The Mad Potter: George E. Ohr, Eccentric Genius

by Jan Greenberg and Sandra Jordan

The folded shapes and crenellated forms created by potter George E. Ohr may not look... read more

The folded shapes and crenellated forms created by potter George E. Ohr may not look that distinctive now, but the striking pots he shaped were like nothing else seen in the late 1800s. And they were largely unheralded at the time. But Ohr was more than the genius he knew himself to be; he was a personality and a showman in Biloxi, Mississippi, where he had his potter's studio. But beneath all his dazzle was incredible talent: He spun out pots and pitchers and vases and vessels with twists and turns that were sometimes quirky and playful and sometimes, simply, strikingly beautiful. He experimented with glazes. And he thrived on his own eccentricity (although his family did not). Jan Greenberg and Sandra Jordan provide a lively introduction to this American artist who was all but undiscovered until the final decades of the twentieth century, long after his death. Their final chapter shows his influence on contemporary pottery, and even contemporary architecture-a museum dedicated to Ohr designed by Frank Gehry was inspired by his forms. Detailed source notes follow a primer on "How to Look at a Pot." (Ages 11-15)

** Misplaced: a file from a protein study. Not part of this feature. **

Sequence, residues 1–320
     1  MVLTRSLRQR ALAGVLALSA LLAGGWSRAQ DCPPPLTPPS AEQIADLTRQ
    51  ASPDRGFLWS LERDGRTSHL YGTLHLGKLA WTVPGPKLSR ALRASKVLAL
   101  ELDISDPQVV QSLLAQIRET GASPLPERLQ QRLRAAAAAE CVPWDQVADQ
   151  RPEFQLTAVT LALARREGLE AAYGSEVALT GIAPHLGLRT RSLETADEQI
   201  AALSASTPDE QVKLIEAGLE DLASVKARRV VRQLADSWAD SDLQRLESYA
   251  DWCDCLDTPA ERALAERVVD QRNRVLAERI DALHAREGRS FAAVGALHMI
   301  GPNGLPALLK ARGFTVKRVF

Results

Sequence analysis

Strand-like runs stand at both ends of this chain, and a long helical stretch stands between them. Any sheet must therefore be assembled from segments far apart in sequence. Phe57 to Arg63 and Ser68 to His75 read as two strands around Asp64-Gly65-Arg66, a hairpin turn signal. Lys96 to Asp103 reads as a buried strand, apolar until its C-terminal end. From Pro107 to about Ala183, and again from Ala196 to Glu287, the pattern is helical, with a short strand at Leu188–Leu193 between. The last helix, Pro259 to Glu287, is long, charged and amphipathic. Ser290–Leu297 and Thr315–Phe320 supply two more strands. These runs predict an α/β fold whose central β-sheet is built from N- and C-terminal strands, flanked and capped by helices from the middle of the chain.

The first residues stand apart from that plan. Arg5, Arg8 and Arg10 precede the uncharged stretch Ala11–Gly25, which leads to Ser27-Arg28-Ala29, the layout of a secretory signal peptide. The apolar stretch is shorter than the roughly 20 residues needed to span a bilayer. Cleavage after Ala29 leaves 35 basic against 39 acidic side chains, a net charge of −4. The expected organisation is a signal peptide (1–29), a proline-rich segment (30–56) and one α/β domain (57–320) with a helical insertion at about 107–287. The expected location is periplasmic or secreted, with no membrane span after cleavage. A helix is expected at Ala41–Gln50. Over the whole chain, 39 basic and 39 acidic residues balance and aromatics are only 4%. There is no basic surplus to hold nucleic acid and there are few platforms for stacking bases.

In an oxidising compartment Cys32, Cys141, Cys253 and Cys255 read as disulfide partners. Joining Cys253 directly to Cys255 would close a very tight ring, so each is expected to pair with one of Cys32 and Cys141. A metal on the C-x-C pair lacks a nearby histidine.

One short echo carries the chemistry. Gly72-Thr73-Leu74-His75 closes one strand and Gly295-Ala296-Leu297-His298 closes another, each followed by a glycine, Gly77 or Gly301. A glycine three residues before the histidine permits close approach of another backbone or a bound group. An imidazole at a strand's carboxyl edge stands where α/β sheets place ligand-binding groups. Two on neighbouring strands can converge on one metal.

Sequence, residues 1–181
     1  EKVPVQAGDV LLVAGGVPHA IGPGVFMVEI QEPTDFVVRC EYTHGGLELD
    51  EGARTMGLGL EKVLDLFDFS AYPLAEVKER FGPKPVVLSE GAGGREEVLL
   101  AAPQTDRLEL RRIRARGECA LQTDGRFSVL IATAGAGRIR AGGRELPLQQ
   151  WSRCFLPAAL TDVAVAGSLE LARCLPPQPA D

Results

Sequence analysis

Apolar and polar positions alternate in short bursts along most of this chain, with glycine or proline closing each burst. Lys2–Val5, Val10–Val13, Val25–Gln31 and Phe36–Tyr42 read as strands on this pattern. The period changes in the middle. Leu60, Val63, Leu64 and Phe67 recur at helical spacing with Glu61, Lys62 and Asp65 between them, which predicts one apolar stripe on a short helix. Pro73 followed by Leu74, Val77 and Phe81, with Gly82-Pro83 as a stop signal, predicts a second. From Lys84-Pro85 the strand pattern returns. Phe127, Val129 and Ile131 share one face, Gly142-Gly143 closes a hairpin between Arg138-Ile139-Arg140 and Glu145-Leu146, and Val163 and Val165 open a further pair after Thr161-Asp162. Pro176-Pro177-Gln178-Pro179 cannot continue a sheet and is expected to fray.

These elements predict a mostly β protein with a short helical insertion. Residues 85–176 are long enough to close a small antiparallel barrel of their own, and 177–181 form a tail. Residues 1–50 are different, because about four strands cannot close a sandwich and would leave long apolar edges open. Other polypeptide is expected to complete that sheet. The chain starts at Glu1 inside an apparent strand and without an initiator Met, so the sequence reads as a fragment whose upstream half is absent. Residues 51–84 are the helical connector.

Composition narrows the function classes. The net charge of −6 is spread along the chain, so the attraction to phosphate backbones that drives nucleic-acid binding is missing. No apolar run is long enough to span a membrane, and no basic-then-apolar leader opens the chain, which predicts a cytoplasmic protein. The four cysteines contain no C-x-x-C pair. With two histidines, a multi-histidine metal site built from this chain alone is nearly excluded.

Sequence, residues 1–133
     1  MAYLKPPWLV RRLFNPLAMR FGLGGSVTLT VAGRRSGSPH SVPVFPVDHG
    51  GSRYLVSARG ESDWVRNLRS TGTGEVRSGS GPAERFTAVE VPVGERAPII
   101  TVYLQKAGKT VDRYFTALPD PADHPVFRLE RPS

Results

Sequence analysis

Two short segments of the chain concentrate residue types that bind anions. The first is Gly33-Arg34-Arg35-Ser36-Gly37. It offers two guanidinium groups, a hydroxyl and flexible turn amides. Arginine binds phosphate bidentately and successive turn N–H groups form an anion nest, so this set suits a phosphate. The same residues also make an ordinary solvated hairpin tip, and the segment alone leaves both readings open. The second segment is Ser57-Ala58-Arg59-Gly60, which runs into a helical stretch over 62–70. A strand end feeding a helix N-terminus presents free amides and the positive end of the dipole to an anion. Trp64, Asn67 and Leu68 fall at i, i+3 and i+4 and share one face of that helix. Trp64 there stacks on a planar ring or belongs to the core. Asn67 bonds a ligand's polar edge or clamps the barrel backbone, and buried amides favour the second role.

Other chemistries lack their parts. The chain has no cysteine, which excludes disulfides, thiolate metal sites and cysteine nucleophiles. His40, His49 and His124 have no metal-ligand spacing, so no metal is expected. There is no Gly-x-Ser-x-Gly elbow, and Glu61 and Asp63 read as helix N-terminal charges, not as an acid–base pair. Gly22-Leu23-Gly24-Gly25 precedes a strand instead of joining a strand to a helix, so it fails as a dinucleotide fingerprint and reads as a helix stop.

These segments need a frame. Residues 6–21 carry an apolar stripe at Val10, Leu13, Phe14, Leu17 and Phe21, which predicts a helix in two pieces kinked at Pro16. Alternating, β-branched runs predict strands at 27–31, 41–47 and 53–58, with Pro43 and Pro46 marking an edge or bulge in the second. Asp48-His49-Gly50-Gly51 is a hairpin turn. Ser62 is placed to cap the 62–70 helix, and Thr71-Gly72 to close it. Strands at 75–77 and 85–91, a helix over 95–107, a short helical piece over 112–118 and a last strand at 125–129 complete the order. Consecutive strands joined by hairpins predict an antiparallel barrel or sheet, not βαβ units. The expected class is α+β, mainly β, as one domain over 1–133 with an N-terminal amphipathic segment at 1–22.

© Cooperative Children's Book Center, Univ. of Wisconsin - Madison, 2014

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